LinkedIn confirmed via Twitter that its site suffered an outage due to “a DNS issue.”
According to Downrightnow.com, LinkedIn’s service outage began around 6PM PST yesterday and is still continuing, though service has gradually resumed for some users.
Shortly after the outage began, App.net co-founder Bryan Berg wrote on his blog that the site’s DNS may have been hijacked–in other words, its domain name was redirected to a different IP address. In this case, LinkedIn’s traffic was re-routed to a network hosted by http://www.confluence-networks.com, which has phone numbers listed for both India and the U.S.
This is potentially worrisome for LinkedIn users because, Berg writes, the site does not require SSL (secure sockets layer), which means that if you visited it over the last few hours, “your browser sent your long-lived session cookies in plaintext” and a third-party may now have access to your account information.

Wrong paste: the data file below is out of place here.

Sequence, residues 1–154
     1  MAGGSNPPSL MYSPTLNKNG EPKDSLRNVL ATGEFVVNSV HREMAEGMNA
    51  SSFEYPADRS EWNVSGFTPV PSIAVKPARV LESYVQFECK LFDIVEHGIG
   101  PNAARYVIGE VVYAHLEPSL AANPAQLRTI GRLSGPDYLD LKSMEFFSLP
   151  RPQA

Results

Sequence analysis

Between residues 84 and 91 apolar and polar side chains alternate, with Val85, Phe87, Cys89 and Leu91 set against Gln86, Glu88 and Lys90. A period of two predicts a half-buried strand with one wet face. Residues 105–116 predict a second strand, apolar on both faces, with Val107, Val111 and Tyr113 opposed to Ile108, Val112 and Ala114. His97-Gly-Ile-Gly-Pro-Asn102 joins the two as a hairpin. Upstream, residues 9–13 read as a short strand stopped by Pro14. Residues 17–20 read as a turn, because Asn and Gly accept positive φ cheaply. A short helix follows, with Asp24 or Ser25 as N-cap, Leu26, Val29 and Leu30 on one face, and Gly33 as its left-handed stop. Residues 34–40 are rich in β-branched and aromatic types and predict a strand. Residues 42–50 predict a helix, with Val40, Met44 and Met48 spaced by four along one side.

LinkedIn users may remember that nearly 6.5 million encrypted passwords were compromised in June 2012 when they were dumped onto a Russian hacker forum. That incident occurred around the same time mobile security researchers discovered that calendar entries made on LinkedIn’s iOS apps, including sensitive information like meeting locations and passwords, were transmitted back to LinkedIn’s servers without users’ knowledge.
We’ve emailed LinkedIn for comment.
LinkedIn is a free business social networking site that allows users who register to create a professional profile visible to others. Through the site, individuals can then maintain a list of known business contacts, known as Connections. LinkedIn users can also invite anyone to join their list of connections. LinkedIn offers an effective way by which people can develop an extensive list of contacts, as your network consists of your own connections, your connections’ connections (2nd…